Free agency is a very important aspect of the NHL. The ability to sign players, typically of high skill, retains the ability to drastically improve a given team in an instant.
In some cases, free agent signings don’t live up to expectations, as players can be heavily overpaid for the services and skills they bring to the table (insert Toronto Maple Leafs joke here).
→ Click here to view my article The Worst Free Agent Signings in NHL History.
Yet in other cases, a team’s decision to sign a given player can significantly improve a team. These players tend to be excellent fits on their new teams, experience rejuvenated production, or are signed to bargain deals, most commonly for a lower yearly salary than one would expect.
It’s safe to say free agency is always an exciting time in hockey, with big name players looking for new, often surprising homes. That being said, let’s take a look at the best free agent singings in NHL history to date.
Zdeno Chara – Boston Bruins
In the off-season of 2006, the Boston Bruins made the decision the sign 6 foot 9 defender Zdeno Chara. It was a decision which has brought immeasurable benefits for the Bruins.
Fresh off of a successful three year stint with the Ottawa Senators in which he posted 35 goals and 103 points over 228 games, Chara agreed to a five year contract worth $37.5 million dollars. It was a decision which strengthened an offensively challenged Bruins blue-line, whose top scoring defenseman the year previous was Paul Mara with 18 points.
Since signing with the Bruins, Chara has led the team offensively, defensively and also in the dressing room. Now the captain of the Bruins, Chara won the Norris Trophy in 2008-09 and has been named an All-Star on multiple occasions. As the tallest player in league history, Chara provides a unique, intimidating presence on the blue-line. Not only can he contribute offensively, but year after year is considered one of the best defenders in the NHL.
His most significant contribution, leading the Bruins to a Stanley Cup Championship in 2011.
Money well spent.
Adam Graves – New York Rangers
Prior to the 1991-92 NHL season, the Rangers made one the best free agency signings in their storied history. A relative unknown at the time, Adam Graves went on to become one of the most productive players in New York Rangers history.
Although having won the Stanley Cup with the Edmonton Oilers in the 1989-90 season, Graves’ career had been comprised of parts of broken seasons. In 78 games with the Detroit Red Wings over three seasons, followed by two seasons with the Oilers, Graves had yet to emerge as a star player.
Everything changed when Graves signed with the Rangers. Although he was being paid a lackluster 450k per year at the time, Graves exploded, producing star caliber numbers. In his first season, Graves scored 26 goals and 59 points. His play only improved per year, scoring 52 goals in the 1993-94 season and 280 in his Rangers career. Graves was also known for his physical play, totaling 100 PIM or more in four of his ten seasons in New York.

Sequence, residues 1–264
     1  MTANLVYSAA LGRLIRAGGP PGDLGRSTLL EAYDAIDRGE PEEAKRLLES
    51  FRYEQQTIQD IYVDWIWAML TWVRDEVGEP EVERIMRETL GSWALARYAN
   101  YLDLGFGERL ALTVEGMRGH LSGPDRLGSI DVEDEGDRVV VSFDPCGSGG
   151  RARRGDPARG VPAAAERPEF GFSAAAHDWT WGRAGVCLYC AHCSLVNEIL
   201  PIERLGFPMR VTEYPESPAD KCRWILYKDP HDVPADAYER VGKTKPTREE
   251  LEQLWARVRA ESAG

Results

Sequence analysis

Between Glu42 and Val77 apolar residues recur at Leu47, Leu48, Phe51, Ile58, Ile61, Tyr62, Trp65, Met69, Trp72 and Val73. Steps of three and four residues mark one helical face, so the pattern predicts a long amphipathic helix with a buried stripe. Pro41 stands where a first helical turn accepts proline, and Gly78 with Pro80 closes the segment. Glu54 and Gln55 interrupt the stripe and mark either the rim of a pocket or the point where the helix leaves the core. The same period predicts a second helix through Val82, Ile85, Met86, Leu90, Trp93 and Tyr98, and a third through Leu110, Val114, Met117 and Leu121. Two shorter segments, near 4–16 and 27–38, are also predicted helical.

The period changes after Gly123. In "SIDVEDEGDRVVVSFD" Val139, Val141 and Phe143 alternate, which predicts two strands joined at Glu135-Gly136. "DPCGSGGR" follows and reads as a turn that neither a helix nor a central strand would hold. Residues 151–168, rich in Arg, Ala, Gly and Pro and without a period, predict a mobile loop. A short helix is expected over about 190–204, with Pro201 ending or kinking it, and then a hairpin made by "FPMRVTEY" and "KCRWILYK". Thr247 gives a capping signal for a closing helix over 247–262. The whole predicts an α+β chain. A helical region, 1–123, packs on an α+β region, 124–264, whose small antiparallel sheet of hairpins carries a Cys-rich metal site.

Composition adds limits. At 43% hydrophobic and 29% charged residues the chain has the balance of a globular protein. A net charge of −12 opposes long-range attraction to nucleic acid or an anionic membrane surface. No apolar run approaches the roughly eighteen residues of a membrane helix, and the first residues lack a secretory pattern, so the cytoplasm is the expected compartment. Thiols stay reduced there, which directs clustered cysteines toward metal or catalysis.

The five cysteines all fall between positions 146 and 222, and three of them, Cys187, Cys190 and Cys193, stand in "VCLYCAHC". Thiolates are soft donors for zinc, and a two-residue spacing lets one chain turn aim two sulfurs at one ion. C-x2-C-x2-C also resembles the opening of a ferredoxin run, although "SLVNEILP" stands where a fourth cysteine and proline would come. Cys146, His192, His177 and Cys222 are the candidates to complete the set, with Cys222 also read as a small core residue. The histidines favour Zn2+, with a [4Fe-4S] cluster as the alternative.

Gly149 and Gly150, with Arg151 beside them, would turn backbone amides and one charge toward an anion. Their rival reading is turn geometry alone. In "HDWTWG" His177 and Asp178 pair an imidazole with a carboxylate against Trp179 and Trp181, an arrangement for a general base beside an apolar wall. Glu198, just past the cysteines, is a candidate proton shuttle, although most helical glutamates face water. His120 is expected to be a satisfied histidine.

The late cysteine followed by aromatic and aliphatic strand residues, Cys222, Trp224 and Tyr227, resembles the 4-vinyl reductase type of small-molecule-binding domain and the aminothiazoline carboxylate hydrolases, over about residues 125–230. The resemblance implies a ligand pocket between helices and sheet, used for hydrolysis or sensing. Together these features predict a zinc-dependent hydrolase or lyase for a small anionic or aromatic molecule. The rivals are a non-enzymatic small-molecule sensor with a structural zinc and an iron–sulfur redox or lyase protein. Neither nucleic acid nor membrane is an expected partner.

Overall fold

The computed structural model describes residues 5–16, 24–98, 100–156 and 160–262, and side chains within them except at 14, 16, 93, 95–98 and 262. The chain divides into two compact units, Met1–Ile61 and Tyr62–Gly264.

A two-time All-Star, Graves won the King Clancy Memorial Trophy for leadership and humanitarian contribution in 1993-94, as well as the Bill Masterson Trophy for qualities of perseverance and sportsmanship in 2000-01.
All in all, for the salary he was paid, especially early on, the Rangers’ signing of Adam Graves is one of the best in NHL history given Graves’ ability to produce year after year.
Ed Belfour – Dallas Stars
In 1997, the Dallas Stars made a free agent signing which altered the teams identity from pretender to contender. The addition of undrafted Ed Belfour provided instant stability in the crease, creating the foundation for a Stars team that would be competitive for many years to come.
In his previous eight NHL seasons, Ed Belfour played relatively average hockey. In seven season with the Chicago Blackhawks, Belfour’s Save Percentage never eclipsed .907%, while his GAA averaged in the mid 2.60’s. In his last few seasons in the windy city, Ed saw his playing time decrease, eventually playing one season with the San Jose Sharks.
Like Graves and Chara, after Belfour signed with his new club via free agency, he became a completely different goaltender. In his first season in the Dallas, Ed had by far one of the best seasons of his career. A sparkling 1.88 GAA, a .916% save percentage and 37 wins in 61 games played on the road to winning the President’s Trophy. His next season was even better, especially so in the playoffs where Ed’s GAA was 1.67 and his save percentage was .930%. Alongside these numbers and three playoff shutouts, the Dallas Stars won their first Stanley Cup in franchise history.